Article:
Pigs & Plates: A Lesson in Health for Kids
My children keep coming home with paper-plate collages.
I know this sounds like “Wednesday” in the home of anyone with a kid under the age of eight. Plate collages, macaroni necklaces, and toilet-roll animals are the hallmarks of a satisfyingly artistic early childhood education, after all. (And figuring out which ones to keep, and which to sneak into the trash after bedtime while mentally preparing for the moment you’ll have to say “I’m not sure where your Play-Doh monster snowbeast ended up, honey,” is a parenting skill for which no child-rearing book has adequately prepared any of us.) But I’m talking about a particular type of paper-plate collage, the “Healthy Plate” model.
My boys, now seasoned household goods artists after six and three years of life, respectively, have been bringing me home Healthy Plate collages since the oldest made his first (featuring, if I recall correctly, beautiful glossy magazine images of food items he had no intention of ever, ever, EVER allowing to pass his lips), about three years ago now. This is part of nutrition education in preschool and Kindergarten, and I’m okay with it, but when I ask my sons about what it represents they appear to be kind of fuzzy on the details.
“Why are there different sections?” I ask the three-year-old.
“Umm…” He sucks on his teeth, my least favorite of his new habits. “I fink because I could only put dat many pictures dere.”
“So what does this show us?” I ask the six-year-old, a child with such good recall of information that he can recite every minor fact about the Beatles, including their wives’ names and hair colors, and he knows Dean Martin’s birthday as well as his own.
“It…” he pauses and fidgets. “It shows you how to eat healthy.”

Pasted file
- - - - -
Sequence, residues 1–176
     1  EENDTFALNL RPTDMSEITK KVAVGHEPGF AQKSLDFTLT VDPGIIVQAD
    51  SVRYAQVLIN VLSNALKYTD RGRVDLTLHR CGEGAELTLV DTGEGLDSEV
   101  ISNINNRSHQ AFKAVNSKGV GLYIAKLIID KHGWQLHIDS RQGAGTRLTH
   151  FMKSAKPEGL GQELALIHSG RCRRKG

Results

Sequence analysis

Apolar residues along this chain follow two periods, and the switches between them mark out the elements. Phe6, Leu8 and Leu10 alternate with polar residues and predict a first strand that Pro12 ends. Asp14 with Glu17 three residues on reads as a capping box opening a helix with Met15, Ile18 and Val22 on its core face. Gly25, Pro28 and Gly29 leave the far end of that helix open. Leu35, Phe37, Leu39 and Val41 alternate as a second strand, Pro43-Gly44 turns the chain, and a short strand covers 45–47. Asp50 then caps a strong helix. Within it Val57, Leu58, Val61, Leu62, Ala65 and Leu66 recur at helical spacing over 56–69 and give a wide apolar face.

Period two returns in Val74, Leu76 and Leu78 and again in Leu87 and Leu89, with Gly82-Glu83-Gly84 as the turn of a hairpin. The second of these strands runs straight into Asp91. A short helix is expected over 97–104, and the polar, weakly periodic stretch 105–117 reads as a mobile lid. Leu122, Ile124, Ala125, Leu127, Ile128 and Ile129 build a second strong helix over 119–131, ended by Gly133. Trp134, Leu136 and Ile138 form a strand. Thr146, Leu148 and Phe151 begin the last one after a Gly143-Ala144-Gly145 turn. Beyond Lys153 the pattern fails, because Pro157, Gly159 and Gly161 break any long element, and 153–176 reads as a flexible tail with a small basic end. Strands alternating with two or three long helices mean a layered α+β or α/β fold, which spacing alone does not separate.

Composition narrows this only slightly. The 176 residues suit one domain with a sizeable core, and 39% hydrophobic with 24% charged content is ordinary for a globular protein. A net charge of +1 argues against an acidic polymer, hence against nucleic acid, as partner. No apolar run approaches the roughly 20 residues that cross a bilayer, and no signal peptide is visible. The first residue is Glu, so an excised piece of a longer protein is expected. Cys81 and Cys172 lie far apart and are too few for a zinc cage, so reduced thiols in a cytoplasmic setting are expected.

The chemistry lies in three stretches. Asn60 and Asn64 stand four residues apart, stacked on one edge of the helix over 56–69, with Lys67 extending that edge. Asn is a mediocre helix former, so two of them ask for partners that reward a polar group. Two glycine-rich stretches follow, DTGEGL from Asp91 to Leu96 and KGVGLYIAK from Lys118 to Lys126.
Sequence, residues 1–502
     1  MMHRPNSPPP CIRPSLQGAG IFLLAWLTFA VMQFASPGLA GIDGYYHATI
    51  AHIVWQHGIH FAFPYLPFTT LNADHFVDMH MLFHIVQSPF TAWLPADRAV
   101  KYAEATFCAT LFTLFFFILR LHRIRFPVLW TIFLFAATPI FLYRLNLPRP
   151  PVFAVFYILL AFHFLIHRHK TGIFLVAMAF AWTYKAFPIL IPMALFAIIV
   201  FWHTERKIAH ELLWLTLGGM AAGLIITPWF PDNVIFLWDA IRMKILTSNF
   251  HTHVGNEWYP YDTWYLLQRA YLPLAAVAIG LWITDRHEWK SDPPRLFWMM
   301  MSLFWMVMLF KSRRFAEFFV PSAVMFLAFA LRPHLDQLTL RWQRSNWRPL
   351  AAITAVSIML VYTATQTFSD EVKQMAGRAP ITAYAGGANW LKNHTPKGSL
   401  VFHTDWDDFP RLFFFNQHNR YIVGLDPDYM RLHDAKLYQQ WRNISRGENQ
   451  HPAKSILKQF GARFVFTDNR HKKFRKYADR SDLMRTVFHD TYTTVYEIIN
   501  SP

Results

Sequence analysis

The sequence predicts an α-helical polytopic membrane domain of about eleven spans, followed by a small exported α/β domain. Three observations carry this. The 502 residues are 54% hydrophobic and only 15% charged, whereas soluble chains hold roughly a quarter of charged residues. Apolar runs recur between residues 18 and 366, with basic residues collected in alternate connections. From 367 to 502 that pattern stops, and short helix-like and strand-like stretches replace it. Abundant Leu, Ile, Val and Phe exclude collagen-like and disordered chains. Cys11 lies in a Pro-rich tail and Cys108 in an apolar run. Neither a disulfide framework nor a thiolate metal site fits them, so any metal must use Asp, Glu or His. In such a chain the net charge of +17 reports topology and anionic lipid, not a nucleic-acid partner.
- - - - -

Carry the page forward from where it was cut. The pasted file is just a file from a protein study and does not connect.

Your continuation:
“How does it do that?”
“Because these are healthy foods you can eat. Like, they’re ‘EAT MORE’ foods.” He has filled his plate with many things that do, indeed, fall into that category – but the chicken leg is fried, the bread looks like Wonder Bread, and the milk is chocolate.
Following on the appearance of the plate collages, I’ve noticed a trend in the kids’ conversations. There are arguments such as:
“You shouldn’t eat cookies, wight? ‘Cuz dey are tweat food, wight?”
“Well, yeah, but SOME cookies are okay, because SOME cookies have GOOD GRAINS.”
“Muffins are good for you because they are part of the GRAINS GROUP. Those are EAT MORE foods.”
“Juice was on my heawfy pwate where da fwoot goes, Mom.”
On and on it goes. We talk, simply and often, about food and the way food affects our bodies. We don’t ever talk about “food groups” or the government’s pyramid/plate/trapezoid/infographic/tree of life/whatever of the moment. But obviously, the way we talk about food and the way other people talk about food is not the same.
I tried to help clear up the confusion as much as I could, whenever I heard it happening, but I realized that the more confused the kids got, the worse my answers made it. (“Well, uh, SOME muffins are okay, but really, I mean, what kind of muffin do you mean? Because I think muffins are kind of a sometimes food…Do you want to watch Harry Potter?”)
I needed to get back to basics. I needed a way to remind the kids that food isn’t a bunch of isolated, classified, labeled items that you eat in x proportion to achieve y result. It’s a part of us. In our house, it’s not just fuel – it’s what I’m using to BUILD these children. It’s brick and mortar for their DNA.